• 107(b) states that the purpose must be nationals security and also specifies that if overseas providers need to cooperate their needs must be considered 107(1)(f).
  • 108 gives more explanation about the need to consider the needs of overseas operators that will be called to implement bulk interception warrants. I presume this is in order to safeguard the reputation of UK telcos, like Vodafone, by considering the risks they face if found to provide such capabilities to the UK.
  • 116(5) States that telecommunication operators, even abroad, have an obligation to cooperate with bulk interception warrants. This points to the infamous Section 30 and 31 from earlier.
  • 118 Has provisions for transferring the bulk intercepted data overseas, presumably as part of a five-eyes type agreement.
  • 119 limits the selectors that may be used on the bulk intercepted material. For example 119(4) seems to restrict the selection of UK persons.
  • 121(2) Is a cheeky one: it defines “examination” as a person looking, listening or reading the intercepted material. Leaving the door open for the automated mass surveillance systems like Tempora, without restrictions on examination.
  • 122 deals with the issuing of bulk acquisition warrants. Those allow the collection of masses of communications data from telco operators in bulk. In fact it compels telecommunication operators to disclose such data in bulk.
  • 130 again specifies extra-territorial duties for operators to comply, as well as links to provisions for building in equipment to comply.
  • 133 Makes it an offence to disclose a bulk acquisition warrant. This means that data can be lifted in bulk and no one can know about it.
  • 135 Has provisions for bulk equipment interference. This is interference of equipment, mostly abroad, at a mass scale to facilitate access to communications, meta-data and equipment information 135(1)(c).
  • 145(4) States that operators must comply with instructions to help in the implementation of bulk equipment interference warrants. Oh, Joy.
  • 148 Makes it an offense to disclose such an activity or warrant.
  • 149(2) is again cheeky to define examination as reading, looking or listening by a person, rather than a machine — excluding from the definition automated computer attack scripts.
  • 150 weirdly has provisions for the handling of bulk personal data sets. These warrants allow the security services to handle and process data sets involving personal information of non-targets. However it does not seem to impose obligations to hand such data sets over to them. It does not contain the usual compulsion powers on providers. Thus I am puzzled, and I leave it up to someone else to figure out what this is about.

Misc provisions has a few gems buried:

  • 184 states that different warrants may be combined as defined in schedule 7. This combines interception and equipment interference warrants, for example.
  • 185 Specifies that telco providers may be paid to service warrants.
  • 186 states that “compliance systems” may be commissioned and used. Presumably this is the provision that allows the secretary of state to outsource and build the Filter — eg. a centralized repository of communications data. or other infrastructures.
  • 188 Has provisions for “National security notices” on telecommunications operators asking them to do anything, in case of national emergency or to help the intelligence agencies.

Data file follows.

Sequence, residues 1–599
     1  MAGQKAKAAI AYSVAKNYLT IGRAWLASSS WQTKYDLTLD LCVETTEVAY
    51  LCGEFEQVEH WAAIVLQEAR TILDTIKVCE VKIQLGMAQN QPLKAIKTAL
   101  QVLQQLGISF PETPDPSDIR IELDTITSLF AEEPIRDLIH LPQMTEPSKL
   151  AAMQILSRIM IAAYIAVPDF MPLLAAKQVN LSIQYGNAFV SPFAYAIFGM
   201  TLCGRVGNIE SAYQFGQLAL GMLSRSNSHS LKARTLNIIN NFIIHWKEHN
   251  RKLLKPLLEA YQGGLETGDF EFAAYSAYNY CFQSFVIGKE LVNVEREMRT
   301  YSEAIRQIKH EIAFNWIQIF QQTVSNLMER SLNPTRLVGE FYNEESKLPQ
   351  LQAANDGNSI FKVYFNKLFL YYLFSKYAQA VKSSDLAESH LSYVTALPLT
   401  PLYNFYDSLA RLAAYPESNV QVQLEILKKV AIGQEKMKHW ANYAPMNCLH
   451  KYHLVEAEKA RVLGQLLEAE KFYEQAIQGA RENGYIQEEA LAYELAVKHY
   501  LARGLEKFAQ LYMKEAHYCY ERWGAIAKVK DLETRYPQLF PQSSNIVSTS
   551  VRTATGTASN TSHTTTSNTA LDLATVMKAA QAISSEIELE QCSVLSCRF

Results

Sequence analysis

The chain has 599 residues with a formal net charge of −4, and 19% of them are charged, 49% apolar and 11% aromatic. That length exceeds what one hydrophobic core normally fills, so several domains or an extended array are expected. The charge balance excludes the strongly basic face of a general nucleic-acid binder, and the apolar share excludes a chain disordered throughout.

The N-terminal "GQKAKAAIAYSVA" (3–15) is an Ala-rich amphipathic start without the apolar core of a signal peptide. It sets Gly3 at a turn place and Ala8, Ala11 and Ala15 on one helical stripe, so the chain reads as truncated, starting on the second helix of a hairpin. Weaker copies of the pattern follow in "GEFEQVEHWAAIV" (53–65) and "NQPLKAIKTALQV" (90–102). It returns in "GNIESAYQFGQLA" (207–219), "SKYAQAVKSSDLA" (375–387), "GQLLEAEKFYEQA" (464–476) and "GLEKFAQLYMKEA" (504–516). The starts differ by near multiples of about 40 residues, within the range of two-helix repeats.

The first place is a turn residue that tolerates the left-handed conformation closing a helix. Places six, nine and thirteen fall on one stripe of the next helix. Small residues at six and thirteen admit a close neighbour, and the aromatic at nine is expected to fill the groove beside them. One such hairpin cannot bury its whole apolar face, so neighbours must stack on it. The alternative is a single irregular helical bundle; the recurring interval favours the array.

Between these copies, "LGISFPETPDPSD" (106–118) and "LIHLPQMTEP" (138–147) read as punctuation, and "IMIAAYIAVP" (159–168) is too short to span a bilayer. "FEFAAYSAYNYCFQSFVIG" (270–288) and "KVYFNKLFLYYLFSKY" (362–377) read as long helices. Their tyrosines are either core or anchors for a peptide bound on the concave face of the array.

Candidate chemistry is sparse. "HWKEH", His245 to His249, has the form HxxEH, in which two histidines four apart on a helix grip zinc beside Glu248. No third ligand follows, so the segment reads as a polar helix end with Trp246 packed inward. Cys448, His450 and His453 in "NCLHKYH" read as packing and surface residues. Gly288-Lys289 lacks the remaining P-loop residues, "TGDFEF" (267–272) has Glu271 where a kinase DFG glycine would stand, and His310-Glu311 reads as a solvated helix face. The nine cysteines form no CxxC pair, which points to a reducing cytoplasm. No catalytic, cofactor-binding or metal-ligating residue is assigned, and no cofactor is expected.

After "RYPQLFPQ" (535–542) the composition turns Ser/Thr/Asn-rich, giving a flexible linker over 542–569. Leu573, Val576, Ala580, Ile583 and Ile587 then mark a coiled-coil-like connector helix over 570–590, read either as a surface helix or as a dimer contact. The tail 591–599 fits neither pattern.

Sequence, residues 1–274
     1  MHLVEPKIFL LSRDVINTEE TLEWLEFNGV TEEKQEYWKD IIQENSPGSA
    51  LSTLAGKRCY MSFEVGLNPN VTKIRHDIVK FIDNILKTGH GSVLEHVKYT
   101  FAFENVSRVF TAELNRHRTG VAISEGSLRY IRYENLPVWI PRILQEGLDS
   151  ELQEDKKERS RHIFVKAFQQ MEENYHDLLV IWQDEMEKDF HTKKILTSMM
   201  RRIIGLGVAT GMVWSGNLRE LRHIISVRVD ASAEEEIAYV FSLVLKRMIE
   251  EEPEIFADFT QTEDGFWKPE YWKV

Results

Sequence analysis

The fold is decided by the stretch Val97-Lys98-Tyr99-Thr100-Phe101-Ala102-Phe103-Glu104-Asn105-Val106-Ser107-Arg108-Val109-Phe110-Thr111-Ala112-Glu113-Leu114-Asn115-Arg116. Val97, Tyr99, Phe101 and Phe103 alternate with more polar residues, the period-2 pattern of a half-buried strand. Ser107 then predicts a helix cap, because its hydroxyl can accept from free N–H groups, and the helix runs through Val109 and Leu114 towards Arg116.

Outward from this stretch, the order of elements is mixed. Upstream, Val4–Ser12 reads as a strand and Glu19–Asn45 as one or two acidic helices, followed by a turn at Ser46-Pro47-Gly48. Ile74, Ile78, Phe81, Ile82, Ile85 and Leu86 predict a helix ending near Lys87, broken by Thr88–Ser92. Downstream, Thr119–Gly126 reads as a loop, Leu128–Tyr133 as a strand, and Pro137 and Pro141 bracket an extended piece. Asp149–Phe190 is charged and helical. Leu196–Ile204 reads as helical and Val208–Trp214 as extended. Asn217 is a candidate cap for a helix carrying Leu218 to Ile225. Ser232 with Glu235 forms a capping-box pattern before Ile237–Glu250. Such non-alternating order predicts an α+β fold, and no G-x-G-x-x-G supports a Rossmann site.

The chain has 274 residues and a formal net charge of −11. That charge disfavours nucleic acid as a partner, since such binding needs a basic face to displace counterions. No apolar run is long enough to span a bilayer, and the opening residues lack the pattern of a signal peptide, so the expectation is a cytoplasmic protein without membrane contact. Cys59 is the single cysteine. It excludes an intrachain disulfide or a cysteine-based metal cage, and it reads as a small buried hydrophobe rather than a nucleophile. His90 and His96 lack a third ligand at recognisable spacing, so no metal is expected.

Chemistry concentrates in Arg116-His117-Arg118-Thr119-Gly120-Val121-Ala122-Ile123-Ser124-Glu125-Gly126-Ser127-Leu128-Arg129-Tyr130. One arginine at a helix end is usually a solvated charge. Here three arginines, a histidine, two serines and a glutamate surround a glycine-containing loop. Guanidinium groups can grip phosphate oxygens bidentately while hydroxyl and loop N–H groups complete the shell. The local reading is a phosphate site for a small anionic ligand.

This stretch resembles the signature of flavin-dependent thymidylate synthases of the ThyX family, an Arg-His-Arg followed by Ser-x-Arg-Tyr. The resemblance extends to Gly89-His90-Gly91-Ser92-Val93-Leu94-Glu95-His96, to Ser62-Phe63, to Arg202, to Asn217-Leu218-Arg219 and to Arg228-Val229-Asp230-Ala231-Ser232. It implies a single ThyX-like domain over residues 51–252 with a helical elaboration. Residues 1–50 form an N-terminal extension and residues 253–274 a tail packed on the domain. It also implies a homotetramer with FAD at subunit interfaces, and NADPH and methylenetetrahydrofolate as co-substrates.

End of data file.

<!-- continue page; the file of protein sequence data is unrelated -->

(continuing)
• 189 Is about building back-doors into telecommunication systems. 189(3) states that regulations can impose obligations to provide facilities or services 189(4)(a), install specific equipment 189(4)(b), remove electronic protection 189(4)(c), etc.
  • 189(8) specifies such back-door facilities can be imposed on non-UK operators too.
  • 190(8) creates a gag order around the fact that such back-doors were put in place.
  • 190(11) clarifies that capabilities may relate to interception, bulk interception or communication data access.
  • 193 Defines communications as any messages between people or things, including cyber-physical commands.
  • 193(6) is the 1 sentence that all the news, and briefs, were about: it states that by definition, when it comes to web-browsing, the service accessed is “not content”, but communications data. To me it feels out of place, and I would not be surprised if it will be a sacrificial clause: the one that will be struck off as a concession to civil society pressure.
  • 193(10) defines as a telecommunications operator as anyone providing a telecommunications service. In turn 193(11) makes use of a telecommunication systems; finally in 193(13) a telecommunication systems simply makes use of some form of electromagnetic or electric means to transmit communications. I read this to mean: anything that can send or receive data, by means other than carrier pigeon (those are postal services, defined separately).
  • 195(1) Quote: “data” includes any information which is not data,

I skipped here all the tedious, and historically ineffectual, provisions around tribunals and commissioners. the tl;dr is that all the zoo of commissioners are replaced by a single one.

(Many thanks to Wendy M. Grossman for editing suggestions)

3 Responses to “Investigatory Powers Bill: The Juicy Bits”

  1. […] in particular in relation to the draft investigatory Powers Bill (via Paul Bernal). My reading of the IP Bill is that it will result in, and perhaps intends, closing for ever the democratic debate about what […]

  2. […] Note: for an excellent detailed analysis of the draft bill, see “Investigatory Powers Bill: The Juicy Bits” […]

  3. […] recently unveiled UK Draft IP Bill imposes all sorts of obligations on telecommunications operators, including obligations to collaborate with warrants to f…, as well as gagging orders. Despite their centrality, it is surprisingly difficult to clearly […]